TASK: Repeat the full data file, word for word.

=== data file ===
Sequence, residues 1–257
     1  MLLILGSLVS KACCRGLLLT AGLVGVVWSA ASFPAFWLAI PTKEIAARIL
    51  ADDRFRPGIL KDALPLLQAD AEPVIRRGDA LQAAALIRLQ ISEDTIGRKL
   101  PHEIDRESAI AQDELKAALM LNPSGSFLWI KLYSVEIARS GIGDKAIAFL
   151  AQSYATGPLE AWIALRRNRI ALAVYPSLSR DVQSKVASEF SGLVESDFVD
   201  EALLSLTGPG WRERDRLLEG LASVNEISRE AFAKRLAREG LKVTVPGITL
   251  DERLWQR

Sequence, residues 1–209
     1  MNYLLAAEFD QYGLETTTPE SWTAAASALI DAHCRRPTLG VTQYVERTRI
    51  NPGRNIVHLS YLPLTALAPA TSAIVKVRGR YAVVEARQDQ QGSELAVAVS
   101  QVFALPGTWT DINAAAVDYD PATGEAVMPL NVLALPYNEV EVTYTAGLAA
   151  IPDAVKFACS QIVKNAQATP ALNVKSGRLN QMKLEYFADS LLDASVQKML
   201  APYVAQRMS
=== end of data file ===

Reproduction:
Sequence, residues 1–257
     1  MLLILGSLVS KACCRGLLLT AGLVGVVWSA ASFPAFWLAI PTKEIAARIL
    51  ADDRFRPGIL KDALPLLQAD AEPVIRRGDA LQAAALIRLQ ISEDTIGRKL
   101  PHEIDRESAI AQDELKAALM LNPSGSFLWI KLYSVEIARS GIGDKAIAFL
   151  AQSYATGPLE AWIALRRNRI ALAVYPSLSR DVQSKVASEF SGLVESDFVD
   201  EALLSLTGPG WRERDRLLEG LASVNEISRE AFAKRLAREG LKVTVPGITL
   251  DERLWQR

Sequence, residues 1–209
     1  MNYLLAAEFD QYGLETTTPE SWTAAASALI DAHCRRPTLG VTQYVERTRI
    51  NPGRNIVHLS YLPLTALAPA TSAIVKVRGR YAVVEARQDQ QGSELAVAVS
   101  QVFALPGTWT DINAAAVDYD PATGEAVMPL NVLALPYNEV EVTYTAGLAA
   151  IPDAVKFACS QIVKNAQATP ALNVKSGRLN QMKLEYFADS LLDASVQKML
   201  APYVAQRMS